The doctrine of res judicata is based on the principle that a final judgment on the merits by a court of competent jurisdiction *295 is conclusive upon the parties in any later litigation involving the same cause of action....

    Res judicata is founded on a policy favoring termination of an action by preclusion or prevention of subsequent litigation on the same cause.

    NC + Hybrids v. Growers Seed Assn., 228 Neb. 306, 310-11, 422 N.W.2d 542, 545 (1988). Accord Ballard v. Giltner Pub. Sch., 241 Neb. 970, 492 N.W.2d 855 (1992). Hence, we express no opinion concerning the correctness of the county court's judgment concerning the surcharge and retention of Roberts as personal representative; instead, we accept the county court's decision in that regard as a final determination on the issues of surcharge and removal of Roberts as personal representative.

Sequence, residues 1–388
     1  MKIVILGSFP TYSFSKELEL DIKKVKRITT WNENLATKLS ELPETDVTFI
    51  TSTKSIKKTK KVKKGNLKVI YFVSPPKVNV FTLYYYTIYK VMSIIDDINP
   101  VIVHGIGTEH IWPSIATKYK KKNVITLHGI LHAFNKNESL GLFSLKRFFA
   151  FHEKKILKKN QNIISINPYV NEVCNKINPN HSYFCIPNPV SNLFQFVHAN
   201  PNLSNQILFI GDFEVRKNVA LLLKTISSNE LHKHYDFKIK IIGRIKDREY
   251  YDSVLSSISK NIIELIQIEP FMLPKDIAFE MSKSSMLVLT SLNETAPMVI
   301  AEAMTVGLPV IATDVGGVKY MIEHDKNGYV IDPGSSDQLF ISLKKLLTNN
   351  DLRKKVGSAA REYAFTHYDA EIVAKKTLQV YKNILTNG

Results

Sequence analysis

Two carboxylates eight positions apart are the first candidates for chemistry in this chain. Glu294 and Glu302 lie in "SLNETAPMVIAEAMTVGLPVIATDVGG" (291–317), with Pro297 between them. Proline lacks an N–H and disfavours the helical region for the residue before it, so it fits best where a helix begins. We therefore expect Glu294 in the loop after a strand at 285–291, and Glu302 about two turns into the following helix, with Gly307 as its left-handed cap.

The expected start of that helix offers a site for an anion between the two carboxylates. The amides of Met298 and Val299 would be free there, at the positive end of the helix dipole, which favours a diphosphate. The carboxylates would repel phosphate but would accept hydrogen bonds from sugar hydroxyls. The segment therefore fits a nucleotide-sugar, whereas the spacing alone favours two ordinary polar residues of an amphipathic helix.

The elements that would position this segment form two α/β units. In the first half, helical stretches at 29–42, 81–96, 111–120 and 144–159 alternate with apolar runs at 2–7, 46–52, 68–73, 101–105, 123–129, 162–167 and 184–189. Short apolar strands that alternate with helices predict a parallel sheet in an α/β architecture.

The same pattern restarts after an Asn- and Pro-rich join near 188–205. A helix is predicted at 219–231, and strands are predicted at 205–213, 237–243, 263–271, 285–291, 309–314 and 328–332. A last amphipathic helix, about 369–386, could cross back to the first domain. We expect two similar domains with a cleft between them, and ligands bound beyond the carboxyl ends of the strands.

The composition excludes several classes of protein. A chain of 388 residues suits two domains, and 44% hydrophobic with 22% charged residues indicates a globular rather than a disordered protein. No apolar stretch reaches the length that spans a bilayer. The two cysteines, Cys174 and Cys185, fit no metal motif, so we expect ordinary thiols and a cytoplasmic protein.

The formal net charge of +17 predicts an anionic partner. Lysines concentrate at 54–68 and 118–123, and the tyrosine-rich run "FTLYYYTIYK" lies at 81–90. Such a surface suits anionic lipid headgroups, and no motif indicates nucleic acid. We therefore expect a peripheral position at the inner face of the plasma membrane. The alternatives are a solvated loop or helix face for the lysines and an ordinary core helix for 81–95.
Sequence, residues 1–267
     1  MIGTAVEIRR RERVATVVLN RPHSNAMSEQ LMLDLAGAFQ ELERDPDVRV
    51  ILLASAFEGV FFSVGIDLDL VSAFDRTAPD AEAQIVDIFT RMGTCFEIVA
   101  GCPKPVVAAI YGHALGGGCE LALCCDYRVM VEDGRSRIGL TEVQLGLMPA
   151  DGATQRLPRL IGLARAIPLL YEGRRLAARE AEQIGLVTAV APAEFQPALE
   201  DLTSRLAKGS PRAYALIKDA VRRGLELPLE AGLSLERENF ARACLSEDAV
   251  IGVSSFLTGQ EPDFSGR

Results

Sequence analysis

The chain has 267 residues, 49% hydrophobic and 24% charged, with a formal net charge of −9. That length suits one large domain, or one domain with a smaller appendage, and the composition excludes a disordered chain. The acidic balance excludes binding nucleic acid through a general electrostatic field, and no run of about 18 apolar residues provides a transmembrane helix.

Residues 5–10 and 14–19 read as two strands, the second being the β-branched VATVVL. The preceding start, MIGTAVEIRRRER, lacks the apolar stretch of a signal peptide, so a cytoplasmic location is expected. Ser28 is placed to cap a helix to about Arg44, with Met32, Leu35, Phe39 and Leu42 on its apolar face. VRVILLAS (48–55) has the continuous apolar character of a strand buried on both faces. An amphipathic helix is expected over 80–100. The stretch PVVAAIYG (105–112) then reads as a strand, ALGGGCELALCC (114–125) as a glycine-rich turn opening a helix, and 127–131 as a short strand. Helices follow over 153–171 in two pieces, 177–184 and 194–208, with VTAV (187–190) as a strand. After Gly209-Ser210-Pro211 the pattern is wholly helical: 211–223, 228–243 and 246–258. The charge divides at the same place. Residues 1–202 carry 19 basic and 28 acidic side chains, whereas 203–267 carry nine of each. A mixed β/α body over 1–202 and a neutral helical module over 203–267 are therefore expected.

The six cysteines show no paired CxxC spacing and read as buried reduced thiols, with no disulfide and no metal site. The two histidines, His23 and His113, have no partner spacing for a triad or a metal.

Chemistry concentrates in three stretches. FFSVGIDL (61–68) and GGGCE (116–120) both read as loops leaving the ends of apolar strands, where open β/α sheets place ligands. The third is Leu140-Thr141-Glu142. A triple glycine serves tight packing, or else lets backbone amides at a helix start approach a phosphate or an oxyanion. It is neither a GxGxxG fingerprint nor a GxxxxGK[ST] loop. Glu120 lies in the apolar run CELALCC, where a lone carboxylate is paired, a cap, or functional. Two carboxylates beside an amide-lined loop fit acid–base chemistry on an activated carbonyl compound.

On November 7, 1989, as part of his "Formal Petition for Complete Settlement" of the Watkins estate, Roberts requested $7,493.07 as compensation for his services in conjunction with the litigation for his surcharge and removal as personal representative. Roberts also requested $12,089.90 as fees and costs for his attorney in the litigation. The plaintiffs who had maintained the surcharge and removal actions objected to the requested payments from estate funds on the grounds that Roberts' actions in defending the actions did not "benefit the estate" and were not in " `good faith.' " Despite the plaintiffs' objections, the county court, after consideration of the evidence concerning compensation of the personal representative and a fee for the personal representative's attorney, allowed compensation and fees as requested. The district court affirmed the county court's judgment. Allowance of that compensation and attorney fee is the subject of the present appeal.